Current Residents

Spring 2015

Mariah Boyle

Mariah Boyle creates life-sized mixed media drawings and installations that reference the landscape and personal or public memories associated with passing through or spending time in a place. Life in the Northwest has had a strong influence on her work. Mariah received her BA from Eastern Oregon University and her MFA from Washington State University in 2012. She currently teaches drawing and painting at Eastern Oregon University in La Grande, OR. Learn more about Mariah.

Mariah Boyle

Mariah Boyle

Chungho Cheng

Chungho Cheng is a studio potter and educator in Penghu islands, Taiwan. He lives and works on offshore islands where the supply of materials are limited. As a result his art and instruction focus on using local original clay to make pottery. To fire his work, he draws from the idea of a wood-fire Anagama kiln, but in a miniature form, making it not only a mobile functional tool but also a piece of art work.

Chungho Cheng

Chungho Cheng

Ben Cosgrove

Ben Cosgrove is a touring composer/performer whose work focuses on the human experience of landscape and place. He grew up along the border of Massachusetts and New Hampshire, and he has performed in 45 states and held residencies and fellowships at Middlebury College, the Signet Society, the Vermont Studio Center, Isle Royale National Park, and Acadia National Park. His geographically-inspired music has been described as both "delicate and commanding" and "compelling and beautiful." He has also published several pieces of short nonfiction, usually about the relationship between people and their environment. Learn more about Ben.

Ben Cosgrove

Ben Cosgrove

Jerry Franklin

Jerry Franklin is Professor of Ecosystem Analysis in the College of Forest Resources, University of Washington, Seattle. Previously, he has been Chief Plant Ecologist, USDA Forest Service, Corvallis, Oregon, and Professor of Forest Science and Botany at Oregon State University. He also served as Director of the Ecosystem Studies Program of the National Science Foundation in Washington, D.C. He holds BS and MS degrees in Forest Management from Oregon State University, and a PhD in Botany and Soils from Washington State University, Pullman. He is one of the pioneers of forest ecosystem research, with specializations in structure and function of natural forest ecosystems; successional processes following catastrophic disturbances; effects of changing environmental conditions on forest processes; application of ecological principles to the management of natural resources; and theory and practical applications of landscape ecology. He is a past president of the Ecological Society of America, was a panelist on the White House Forest Conference in 1993, and has served on the Board of Governors of the Nature Conservancy. He has worked on scientific policy analyses for Congress, the federal government, state governments, and for British Columbia. He holds the Barrington Moore Award for outstanding achievement in forest research from the Society of American Foresters, as well as numerous other awards. His research is documented in nearly 300 publications.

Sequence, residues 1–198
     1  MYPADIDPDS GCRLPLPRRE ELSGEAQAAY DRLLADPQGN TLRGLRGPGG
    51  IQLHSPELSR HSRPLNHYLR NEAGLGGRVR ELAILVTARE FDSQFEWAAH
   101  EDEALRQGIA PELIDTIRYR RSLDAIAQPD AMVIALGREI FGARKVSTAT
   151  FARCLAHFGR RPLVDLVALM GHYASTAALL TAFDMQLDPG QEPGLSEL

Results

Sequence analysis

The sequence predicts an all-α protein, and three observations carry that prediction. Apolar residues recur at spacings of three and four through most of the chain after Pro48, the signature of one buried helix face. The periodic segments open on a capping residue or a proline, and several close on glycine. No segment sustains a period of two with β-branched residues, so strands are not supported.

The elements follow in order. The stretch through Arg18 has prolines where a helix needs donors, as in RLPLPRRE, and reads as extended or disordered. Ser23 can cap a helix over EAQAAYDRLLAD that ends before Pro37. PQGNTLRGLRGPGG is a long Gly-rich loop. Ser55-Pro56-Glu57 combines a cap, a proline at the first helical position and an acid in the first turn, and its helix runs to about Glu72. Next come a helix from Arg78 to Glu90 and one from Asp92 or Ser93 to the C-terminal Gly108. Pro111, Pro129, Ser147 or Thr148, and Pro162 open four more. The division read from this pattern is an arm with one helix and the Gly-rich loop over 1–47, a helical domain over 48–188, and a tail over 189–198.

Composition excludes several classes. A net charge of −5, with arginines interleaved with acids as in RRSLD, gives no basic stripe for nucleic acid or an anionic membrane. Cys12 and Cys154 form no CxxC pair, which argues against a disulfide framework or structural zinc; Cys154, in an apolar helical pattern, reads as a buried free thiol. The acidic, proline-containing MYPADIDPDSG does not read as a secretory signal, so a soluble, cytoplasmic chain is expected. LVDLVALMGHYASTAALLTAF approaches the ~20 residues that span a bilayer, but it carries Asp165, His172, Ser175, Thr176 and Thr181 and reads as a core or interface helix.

Jerry Franklin

Jerry Franklin

Peter Dalmazzo

Peter has worked for more than 30 years as a biologist and currently runs his own environmental consultancy. His initial motivation for studying biology was a passion for fish and he majored in Marine Sciences and Biology but soon realised that other living things are interesting too. Peter's broad experience now leads him to deal with all kinds of fauna and flora in the aquatic and terrestrial environments. Peter's very first job after graduating involved recording and analysing sounds made by fish and other marine creatures in Australian waters and he still uses sound in his work, for example by identifying frogs and birds from their calls when carrying out fauna surveys. Peter is delighted to be involved in an exploration of the sounds of the Sitka landscape. Learn more about Peter.